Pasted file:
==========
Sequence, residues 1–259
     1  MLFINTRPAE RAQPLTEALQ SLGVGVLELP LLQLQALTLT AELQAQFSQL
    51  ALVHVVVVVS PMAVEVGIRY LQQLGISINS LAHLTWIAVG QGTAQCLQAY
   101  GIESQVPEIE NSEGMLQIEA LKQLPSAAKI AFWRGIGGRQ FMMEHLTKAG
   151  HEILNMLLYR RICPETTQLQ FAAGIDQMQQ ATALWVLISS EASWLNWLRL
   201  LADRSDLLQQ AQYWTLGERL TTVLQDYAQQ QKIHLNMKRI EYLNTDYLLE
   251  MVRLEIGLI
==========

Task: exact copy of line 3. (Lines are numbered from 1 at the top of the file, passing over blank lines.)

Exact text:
    51  ALVHVVVVVS PMAVEVGIRY LQQLGISINS LAHLTWIAVG QGTAQCLQAY